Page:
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5 takeaways for Social Security planning

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Editor’s Note: The team at Gunnip & Company CPAs sponsored an event earlier this year that allowed individuals and couples to meet with representatives from Prudential Financial. Information provided by James R. Seslor Jr.. CPA, MSTTax Partner, Gunnip & Company CPAs)

Financial security in retirement can be thought of as a stool with three very important legs of income. Social Security is one of those three legs, along with retirement plans, such as 401k plans and pensions, and personal savings. When you elect to take Social Security can have profound consequences on your income – and the income of your spouse – for the rest of your life.

1. In just a few months, some of the rules for taking benefits will change.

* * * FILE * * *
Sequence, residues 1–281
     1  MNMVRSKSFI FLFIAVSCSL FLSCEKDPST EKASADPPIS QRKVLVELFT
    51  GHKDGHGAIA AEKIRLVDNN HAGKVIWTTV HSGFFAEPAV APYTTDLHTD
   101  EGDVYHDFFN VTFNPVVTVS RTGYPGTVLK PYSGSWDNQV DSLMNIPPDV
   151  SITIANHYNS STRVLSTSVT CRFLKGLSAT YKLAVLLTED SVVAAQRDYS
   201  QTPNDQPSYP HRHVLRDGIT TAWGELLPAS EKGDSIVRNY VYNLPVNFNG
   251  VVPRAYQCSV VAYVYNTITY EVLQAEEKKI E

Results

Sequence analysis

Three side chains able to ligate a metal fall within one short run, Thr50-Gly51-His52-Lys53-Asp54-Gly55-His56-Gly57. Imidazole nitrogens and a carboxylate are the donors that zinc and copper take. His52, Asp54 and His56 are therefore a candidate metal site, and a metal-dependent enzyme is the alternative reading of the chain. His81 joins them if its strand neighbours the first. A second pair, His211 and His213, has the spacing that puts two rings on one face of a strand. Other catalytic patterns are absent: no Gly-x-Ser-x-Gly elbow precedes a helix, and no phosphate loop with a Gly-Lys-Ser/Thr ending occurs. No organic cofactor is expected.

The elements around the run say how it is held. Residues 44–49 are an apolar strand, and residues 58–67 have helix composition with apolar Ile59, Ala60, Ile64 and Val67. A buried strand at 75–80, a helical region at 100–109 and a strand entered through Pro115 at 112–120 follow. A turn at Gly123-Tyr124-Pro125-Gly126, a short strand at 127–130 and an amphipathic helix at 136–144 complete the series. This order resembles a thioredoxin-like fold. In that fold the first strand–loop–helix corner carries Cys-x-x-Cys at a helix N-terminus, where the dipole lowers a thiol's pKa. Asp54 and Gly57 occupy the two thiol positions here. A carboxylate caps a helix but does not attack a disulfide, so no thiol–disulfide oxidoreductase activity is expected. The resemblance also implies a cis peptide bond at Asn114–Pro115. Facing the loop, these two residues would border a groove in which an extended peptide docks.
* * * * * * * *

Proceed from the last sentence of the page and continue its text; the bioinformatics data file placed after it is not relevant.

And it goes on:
2. The basic fact is that the longer you can wait before taking your benefit (between ages 62 and 70), the greater the benefit – and many people are simply electing to take it sooner than they need and losing out. You can check your Social Security statement online at www.ssa.gov, and make sure that it’s right. Your social security benefit is based on your highest 35 years of earnings, and if there is reported income that is missing or wrong, it can lower your benefit.

3. Many retirees take their benefit as soon as they’re eligible, for simple fear that Social Security might run out of money. Experts say that’s not a realistic concern in the short term, and even worst-case scenarios forecast a 23 percent cut in benefits by 2035, not complete insolvency.

4. When you take your benefit, you’re making a decision for yourself – and for your spouse. The surviving spouse is entitled to half your benefit. Strategizing as a couple, with your relative ages and incomes, is an important exercise.

5. The “file-and-suspend” strategy to maximize Social Security benefits for couples is going to end April 30. Under this strategy, the older spouse files for Social Security as soon as they’re eligible and suspends payments, allowing deferred benefits to grow – but their spouse can still claim a spousal benefit. That option goes away this year. If you’re of normal retirement age now and want to “file and suspend,” you should look into this strategy quickly.

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